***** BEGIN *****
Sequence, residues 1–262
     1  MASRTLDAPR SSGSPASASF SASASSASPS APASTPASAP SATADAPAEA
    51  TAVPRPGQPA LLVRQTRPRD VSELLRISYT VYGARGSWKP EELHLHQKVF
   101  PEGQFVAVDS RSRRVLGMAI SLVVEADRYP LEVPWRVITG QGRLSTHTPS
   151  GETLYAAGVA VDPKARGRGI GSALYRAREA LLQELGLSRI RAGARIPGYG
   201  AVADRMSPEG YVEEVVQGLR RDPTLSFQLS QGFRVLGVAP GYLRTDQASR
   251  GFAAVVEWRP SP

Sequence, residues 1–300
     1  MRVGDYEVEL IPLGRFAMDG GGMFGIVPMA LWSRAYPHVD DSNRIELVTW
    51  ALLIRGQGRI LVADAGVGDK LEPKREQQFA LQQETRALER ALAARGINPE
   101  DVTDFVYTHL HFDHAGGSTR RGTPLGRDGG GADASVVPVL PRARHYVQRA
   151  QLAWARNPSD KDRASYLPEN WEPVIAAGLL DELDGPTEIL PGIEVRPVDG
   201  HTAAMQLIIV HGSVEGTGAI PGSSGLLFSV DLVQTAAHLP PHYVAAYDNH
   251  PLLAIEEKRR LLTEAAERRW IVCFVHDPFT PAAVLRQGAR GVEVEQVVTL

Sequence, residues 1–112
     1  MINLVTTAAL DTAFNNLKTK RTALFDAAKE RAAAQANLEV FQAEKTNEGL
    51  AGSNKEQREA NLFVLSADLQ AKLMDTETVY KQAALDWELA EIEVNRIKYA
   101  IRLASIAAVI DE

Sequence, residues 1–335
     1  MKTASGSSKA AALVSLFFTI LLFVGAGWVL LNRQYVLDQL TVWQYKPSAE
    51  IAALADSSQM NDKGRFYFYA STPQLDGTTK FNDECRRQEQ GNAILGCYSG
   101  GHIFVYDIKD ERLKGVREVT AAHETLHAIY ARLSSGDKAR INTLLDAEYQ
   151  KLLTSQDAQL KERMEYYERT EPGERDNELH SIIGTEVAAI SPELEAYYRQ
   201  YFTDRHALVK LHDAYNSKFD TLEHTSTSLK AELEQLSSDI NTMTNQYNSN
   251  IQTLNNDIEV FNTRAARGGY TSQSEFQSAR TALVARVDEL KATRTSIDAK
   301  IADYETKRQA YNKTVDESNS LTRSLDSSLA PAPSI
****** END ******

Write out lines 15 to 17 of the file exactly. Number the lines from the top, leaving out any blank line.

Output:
Sequence, residues 1–112
     1  MINLVTTAAL DTAFNNLKTK RTALFDAAKE RAAAQANLEV FQAEKTNEGL
    51  AGSNKEQREA NLFVLSADLQ AKLMDTETVY KQAALDWELA EIEVNRIKYA